We went to the beach three times in the week that we stayed and we were spoilt for choice. There are some great beaches in Lisbon, only a 30-40 minute train ride from the Cais do Sodré station in the centre. On our first trip to the beach, we visited Cacsais, a popular tourist resort and former fishing port, it has several small beaches in and around town and lots of lovely shops and restaurants.

For our last two visits,we opted for Estoril. As soon as you step off the train, you walk through a tunnel and you're on the beach. I prefered the fact that there were virtually no shops, only a handful of restaurants and bars along the beach giving it more of a sense of isolation.
Estoril is famous for its casino, the inspiration for the casino gambling scene and title for the Ian Fleming's novel 'Casino Royale'.

I couldn't resist taking a photo of the man behind us wearing white socks.

He should have been wearing these

Monday, October 09, 2006

A Perfect Sunday

Sunday is the most miserable day of the week for most. A constant reminder that Monday is fast approaching - back to work and no more lie-ins. The only way to get over it is to prolong the weekend with some lovely food, lots of drink and a good film.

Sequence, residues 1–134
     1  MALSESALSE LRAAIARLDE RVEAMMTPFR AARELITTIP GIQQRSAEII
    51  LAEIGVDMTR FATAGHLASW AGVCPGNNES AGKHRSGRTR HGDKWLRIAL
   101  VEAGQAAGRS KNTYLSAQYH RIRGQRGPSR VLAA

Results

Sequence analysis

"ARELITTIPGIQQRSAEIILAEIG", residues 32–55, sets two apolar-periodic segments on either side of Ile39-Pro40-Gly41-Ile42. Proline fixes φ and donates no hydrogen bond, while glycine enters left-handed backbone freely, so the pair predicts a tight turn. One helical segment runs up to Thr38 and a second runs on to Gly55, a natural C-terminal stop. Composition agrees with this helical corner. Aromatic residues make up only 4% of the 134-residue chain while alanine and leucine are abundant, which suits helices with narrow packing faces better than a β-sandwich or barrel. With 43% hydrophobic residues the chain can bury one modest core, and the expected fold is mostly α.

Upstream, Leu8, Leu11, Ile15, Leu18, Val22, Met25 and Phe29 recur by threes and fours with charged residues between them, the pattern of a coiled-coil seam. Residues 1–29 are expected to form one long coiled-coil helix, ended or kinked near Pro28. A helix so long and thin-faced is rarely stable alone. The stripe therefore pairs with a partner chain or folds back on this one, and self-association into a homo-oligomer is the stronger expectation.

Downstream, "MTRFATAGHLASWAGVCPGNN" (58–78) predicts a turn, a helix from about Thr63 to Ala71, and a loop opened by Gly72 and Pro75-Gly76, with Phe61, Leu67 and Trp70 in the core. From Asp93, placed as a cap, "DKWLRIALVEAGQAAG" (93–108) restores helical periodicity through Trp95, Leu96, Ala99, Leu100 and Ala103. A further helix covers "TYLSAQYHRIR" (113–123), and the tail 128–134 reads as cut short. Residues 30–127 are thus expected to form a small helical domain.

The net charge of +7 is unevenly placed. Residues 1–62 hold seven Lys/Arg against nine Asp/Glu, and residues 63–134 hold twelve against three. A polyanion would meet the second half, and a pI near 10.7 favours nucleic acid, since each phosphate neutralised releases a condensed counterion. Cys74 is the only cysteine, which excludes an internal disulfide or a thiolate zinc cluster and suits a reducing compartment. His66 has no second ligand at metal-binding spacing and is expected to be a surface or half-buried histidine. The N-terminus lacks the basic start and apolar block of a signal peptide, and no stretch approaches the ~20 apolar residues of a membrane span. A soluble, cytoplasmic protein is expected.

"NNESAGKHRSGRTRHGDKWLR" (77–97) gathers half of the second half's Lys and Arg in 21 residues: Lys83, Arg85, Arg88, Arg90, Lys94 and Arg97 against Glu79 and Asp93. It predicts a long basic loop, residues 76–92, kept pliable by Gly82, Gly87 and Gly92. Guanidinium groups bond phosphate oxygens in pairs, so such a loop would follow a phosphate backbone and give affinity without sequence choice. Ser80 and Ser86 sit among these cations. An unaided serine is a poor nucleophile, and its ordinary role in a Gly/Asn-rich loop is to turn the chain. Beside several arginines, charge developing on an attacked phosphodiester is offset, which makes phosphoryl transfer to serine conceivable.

Yesterday I made bruschetta with tomatoes and garlic, roast beef, roast potatoes and a rocket salad with red onions and pine nuts.

Bruschetta con pomodoro

For the bruschetta topping, I chopped some fresh tomatoes out of my Mum's garden, garlic, olive oil, basil, salt and pepper. It'll probably be the last time I'll be using fresh tomatoes until next summer even though they'll be selling them all year round in the supermarkets.

Roast Potatoes with rosemary

I always boil the potatoes first and then shake them around in the pan before I roast them so they break up and get nice and fluffy on the outside (great little tip from Jamie Oliver). Put them in a roasting tin with olive oil, plenty of salt, a sprig of rosemary and some some whole garlic gloves. Roast for an hour and a half to two hours until crispy.

Green salad with rocket, red onion and toasted pinenuts

Cut a large red onion into six and fry in plenty of olive oil until soft. Mix with the salad, toasted pinenuts and balsamic vinegar.

Is there really anything better than a roast and a nice bottle of red on a Sunday afternoon?

Tuesday, October 03, 2006

Tales from Lisbon # 2 -About Town